Prunus Spinosa

Botanical illustration prunus spinosa

I think I’ve missed the the sloe berries – in the very year when I’d resolved to make some sloe vodka for Christmas.

We went yesterday to the wildest local park, to see if we could find any blackthorn bushes. In my imaginings of this trip, there were bushes dripping with sloes – black-blue like blueberries, but sour, bitter, almost inedible. That’s why you have to pickle them in gin or vodka or some such. Add sugar, and intermittent shaking of the bottle for a few patient months, and you end up with something very delicious.

But despite us plunging into the deepest depths of the bushes, getting covered in twigs and nettle stings and grass seed, there was nothing. We found a scant few berries hanging despondently from a withered stalk with yellow leaves, and that was it. I gathered them anyway, but five or six wrinkled sloe berries rolling around in the bottom of a plastic yoghurt pot was a sorry sight.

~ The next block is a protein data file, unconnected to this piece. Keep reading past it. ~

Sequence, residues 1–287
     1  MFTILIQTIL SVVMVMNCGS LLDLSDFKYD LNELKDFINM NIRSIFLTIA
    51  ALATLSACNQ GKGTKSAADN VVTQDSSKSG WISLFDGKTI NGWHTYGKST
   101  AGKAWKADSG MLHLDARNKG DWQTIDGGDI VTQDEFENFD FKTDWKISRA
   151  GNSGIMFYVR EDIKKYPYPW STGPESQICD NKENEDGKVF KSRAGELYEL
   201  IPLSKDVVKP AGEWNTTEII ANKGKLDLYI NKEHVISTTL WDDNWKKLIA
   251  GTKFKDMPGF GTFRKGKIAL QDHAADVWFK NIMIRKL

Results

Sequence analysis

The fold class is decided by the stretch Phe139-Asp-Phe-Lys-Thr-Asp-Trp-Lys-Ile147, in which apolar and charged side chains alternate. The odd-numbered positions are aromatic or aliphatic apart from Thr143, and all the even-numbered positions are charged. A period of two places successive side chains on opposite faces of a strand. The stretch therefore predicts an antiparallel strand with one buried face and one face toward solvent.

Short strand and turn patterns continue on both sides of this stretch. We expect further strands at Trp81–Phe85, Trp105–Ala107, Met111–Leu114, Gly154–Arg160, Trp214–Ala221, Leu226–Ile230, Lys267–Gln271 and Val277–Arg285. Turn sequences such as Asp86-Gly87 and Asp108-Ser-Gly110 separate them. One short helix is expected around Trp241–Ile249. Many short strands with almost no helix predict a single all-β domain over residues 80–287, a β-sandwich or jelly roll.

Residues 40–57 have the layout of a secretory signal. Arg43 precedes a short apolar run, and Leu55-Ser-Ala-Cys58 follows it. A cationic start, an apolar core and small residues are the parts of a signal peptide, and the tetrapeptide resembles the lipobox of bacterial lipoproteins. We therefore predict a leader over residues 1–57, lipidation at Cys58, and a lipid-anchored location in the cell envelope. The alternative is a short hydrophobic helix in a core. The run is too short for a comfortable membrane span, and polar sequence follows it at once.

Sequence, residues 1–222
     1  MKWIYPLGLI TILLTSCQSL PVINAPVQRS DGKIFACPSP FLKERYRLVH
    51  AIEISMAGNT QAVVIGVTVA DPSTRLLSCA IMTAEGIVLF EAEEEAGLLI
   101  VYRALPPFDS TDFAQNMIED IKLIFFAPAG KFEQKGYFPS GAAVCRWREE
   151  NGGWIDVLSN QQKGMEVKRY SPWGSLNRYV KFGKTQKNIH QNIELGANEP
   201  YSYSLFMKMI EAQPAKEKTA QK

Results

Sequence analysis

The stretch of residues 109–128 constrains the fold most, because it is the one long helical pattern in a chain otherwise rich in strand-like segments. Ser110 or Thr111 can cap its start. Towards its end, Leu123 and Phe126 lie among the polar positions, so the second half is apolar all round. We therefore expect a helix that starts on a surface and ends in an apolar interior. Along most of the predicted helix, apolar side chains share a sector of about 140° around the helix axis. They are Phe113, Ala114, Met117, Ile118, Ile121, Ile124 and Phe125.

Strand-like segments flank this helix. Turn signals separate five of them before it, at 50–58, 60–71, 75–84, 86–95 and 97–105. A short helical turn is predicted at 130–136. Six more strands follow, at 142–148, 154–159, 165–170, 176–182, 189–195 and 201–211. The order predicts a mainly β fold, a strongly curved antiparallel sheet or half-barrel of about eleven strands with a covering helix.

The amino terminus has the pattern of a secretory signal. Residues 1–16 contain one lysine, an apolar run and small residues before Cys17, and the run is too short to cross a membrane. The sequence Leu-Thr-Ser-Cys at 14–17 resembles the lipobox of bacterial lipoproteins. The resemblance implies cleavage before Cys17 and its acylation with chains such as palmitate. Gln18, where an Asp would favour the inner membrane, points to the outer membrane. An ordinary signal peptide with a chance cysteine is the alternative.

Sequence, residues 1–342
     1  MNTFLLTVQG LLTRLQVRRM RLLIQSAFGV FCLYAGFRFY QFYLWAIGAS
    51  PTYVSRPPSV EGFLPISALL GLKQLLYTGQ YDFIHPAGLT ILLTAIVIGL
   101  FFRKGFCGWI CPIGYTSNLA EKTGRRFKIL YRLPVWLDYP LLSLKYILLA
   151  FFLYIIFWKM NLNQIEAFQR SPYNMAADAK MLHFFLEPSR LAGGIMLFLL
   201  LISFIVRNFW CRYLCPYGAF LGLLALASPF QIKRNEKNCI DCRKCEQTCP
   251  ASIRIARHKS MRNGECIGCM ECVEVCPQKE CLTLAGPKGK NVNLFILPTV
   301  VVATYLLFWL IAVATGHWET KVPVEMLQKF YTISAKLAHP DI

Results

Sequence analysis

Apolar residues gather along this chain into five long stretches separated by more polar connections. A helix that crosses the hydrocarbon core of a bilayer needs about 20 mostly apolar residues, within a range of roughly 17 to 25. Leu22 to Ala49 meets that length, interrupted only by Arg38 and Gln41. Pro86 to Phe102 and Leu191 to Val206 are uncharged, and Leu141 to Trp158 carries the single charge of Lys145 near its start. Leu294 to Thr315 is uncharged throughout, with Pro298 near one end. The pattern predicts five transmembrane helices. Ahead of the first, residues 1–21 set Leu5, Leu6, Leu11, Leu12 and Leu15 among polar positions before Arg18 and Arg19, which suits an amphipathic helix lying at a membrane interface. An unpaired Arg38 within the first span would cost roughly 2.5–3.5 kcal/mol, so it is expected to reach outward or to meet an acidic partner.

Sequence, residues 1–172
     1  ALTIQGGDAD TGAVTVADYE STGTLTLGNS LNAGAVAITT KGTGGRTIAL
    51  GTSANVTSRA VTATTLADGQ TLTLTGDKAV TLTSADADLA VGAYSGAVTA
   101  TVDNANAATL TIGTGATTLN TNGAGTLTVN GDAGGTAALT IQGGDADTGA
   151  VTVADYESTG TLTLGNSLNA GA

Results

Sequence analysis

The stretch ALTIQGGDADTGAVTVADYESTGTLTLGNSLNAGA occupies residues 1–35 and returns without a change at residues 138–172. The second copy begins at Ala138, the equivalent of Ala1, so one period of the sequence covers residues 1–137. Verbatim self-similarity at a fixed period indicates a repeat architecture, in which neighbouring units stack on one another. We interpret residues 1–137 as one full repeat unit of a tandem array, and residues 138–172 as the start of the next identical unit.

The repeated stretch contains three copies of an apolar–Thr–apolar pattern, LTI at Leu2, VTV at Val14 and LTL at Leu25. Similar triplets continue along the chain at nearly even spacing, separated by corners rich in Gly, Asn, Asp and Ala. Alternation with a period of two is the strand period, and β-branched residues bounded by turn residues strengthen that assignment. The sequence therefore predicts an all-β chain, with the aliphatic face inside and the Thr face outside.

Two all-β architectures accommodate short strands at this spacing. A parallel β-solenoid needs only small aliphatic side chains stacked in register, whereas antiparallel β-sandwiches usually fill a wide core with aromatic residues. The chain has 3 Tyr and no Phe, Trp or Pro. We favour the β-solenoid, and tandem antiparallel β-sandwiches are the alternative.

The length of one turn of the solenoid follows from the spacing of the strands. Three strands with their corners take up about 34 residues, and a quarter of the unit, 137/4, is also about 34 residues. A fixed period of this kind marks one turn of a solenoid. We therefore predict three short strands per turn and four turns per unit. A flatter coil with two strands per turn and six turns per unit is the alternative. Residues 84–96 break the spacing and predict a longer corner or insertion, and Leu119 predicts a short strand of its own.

I can’t believe it! I was dreaming of curling up in my pyjamas after a hot bath, warm by the crackling open fire on Christmas eve, sipping some sharp and sweet warming vodka. And no doubt feeling all smug and happy and domesticated – and getting pink cheeks from the alcohol.

Maybe I’m too early – maybe they’re not ready yet – or maybe those bushes we found were hopeless specimens. Maybe we went to the wrong park altogether.

I fear this is going to bug me and turn into an eternal quest!

Let me know if you know where any good blackthorn bushes are.


PS: The blackberries have been great this year, though. We’ve had buckets of them, picked from the undergrowth in Woodland Gardens, and I am beginning to look like an apple and blackberry crumble. Custard or cream?*



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